John Adams, by David McCullough

Before I read this biography, most of my knowledge about John and Abigail Adams came from the movie 1776 because my mom made my brother and me watch it every 4th of July.  She raised nerds, for sure and if she did nothing else for us, I thank her for that because I love being a nerd.  Anyway, once I was able to stop singing show tunes every time I picked up this book, I felt like a got not only an education in the life of John Adams but also of the history and political climate of the times in which he lived.

John Adams has always been one of my favorite Founding Fathers (probably partly because I imagine John to look something like Mr. Feeney from Boy Meets World).  But this biography cemented my love and awe for the Adamses.  The author did a fantastic job of making the reader feel like she truly knew our second president and what his motivations were. 

There’s so much to admire about Adams.  He was one of the most well-read men of his time and was a great writer and orator.  He worked persistently in the face of vicious attacks from friends and enemies.  I mean, basically his entire cabinet was secretly out to get him.  I can’t even imagine how he got anything accomplished!  He truly was brilliant. 

He had so much integrity.  He was an independent thinker and wasn’t interested in getting involved in bashing his opponents or becoming involved in party politics.  He was his own man and he wasn’t afraid to tell it like it was or make unpopular decisions.  He didn’t shy away from confrontation, but met it head on.  He kept America from becoming involved in a pointless war even though at the time it would have been a popular decision. 

He loved his family–especially his wife–and their relationship was one of love and mutual respect.  They wouldn’t see each other for years on end, but they kept it together which just amazes me.  He truly trusted her and valued her opinion.

He wasn’t afraid to forgive and forget and he rekindled his friendship with Jefferson who at one time was basically his archrival.  I mean, Jefferson was a huge backstabber.  He actually PAID people to write lies and slanderous crap about Adams in the papers.  But Adams was able to be the bigger man and let bygones be bygones.  I can’t imagine a politician from today doing that, but Adams was able to.

He was by no means a perfect person, but it is just completely awe-inspiring to learn about all of the things he did that had such a major impact on the founding of America and continue to have an influence on America today.  

I’d recommend this book to anyone.  The subject matter and the writing are just THAT good.  It read more like a novel than a biography.  I can only hope to find more biographies that are this well done as I continue this Presidential Challenge.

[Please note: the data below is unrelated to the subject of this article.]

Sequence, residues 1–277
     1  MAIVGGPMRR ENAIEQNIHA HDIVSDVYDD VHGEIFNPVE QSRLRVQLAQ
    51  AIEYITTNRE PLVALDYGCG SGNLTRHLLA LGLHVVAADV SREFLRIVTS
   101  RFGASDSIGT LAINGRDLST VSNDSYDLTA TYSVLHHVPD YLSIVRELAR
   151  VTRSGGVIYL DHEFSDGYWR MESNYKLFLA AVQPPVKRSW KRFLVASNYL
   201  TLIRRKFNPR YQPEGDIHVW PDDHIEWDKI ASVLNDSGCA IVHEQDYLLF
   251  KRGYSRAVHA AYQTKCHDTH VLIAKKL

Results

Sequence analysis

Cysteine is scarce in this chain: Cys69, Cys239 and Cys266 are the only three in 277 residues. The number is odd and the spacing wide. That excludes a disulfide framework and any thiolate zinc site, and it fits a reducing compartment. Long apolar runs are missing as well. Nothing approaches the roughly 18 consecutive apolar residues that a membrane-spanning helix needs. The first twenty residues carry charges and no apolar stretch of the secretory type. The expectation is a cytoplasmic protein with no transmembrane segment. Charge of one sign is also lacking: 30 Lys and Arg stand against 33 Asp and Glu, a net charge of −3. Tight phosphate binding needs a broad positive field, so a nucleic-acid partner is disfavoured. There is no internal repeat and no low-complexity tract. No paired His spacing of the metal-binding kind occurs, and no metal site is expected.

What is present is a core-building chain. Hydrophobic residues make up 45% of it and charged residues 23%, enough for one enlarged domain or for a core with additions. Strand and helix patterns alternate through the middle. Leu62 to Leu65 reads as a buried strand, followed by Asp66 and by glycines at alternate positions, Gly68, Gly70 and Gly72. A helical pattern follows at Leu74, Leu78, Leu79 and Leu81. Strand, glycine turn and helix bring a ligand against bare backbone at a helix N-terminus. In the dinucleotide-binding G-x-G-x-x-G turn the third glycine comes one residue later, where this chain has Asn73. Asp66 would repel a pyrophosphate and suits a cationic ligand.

Abigail & John: Portrait of a Marriage, by Edith Gelles 

I can finally say that my second president is in the books for the Presidential Challenge. This book was not easy for me to get through, but I am so glad that I did.

Before I knew much about John and Abigail Adams, I knew that they sent letters to each other throughout their marriage. I immediately loved the romanticism in writing letters to your significant other. What I didn’t realize was that the quantity of letters they wrote to one another was based on necessity. If they wanted to maintain their marriage while John traveled for decades during their relationship, letters were the only way for them to do so. I can’t imagine living without my husband or father as much as the Adamses did and then when I think about the available outlets of communication then and now it just seems impossible. The Adams made it work though and it wasn’t always easy. 

I really enjoyed reading about John Adams’ time abroad in the Netherlands, London and Paris. I think of the amazing education and experiences his son was provided by accompanying him overseas. When Abigail and his daughter, Nabby, were finally able to join John and John Quincy in Paris, I thought it was fascinating to read Abigail’s letters documenting that time. She had similar fears and anxiety in being in a foreign country that I believe are still faced by people today. I was heartbroken for John and Abigail when he did not win his second term as president. I felt as if he had given up so much of his life to see the United States as a successful country and that his time as a public official was cut short. 

John and Abigail Adams really have quite the history together and the thing that always held each of them together individually was each other. It was wonderful to see a couple to support each other through some of the most difficult and rewarding periods of their lives.

While I found their story to be fascinating, I wasn’t really a fan of the writing in this book. I found it to be repetitive and the flow between narrative and quotations from the letters didn’t read smoothly at times. Even though I did not particularly enjoy the writing, I feel as if there was great quality, historical information in this book and I am happy to have some insight on our second president and first lady.

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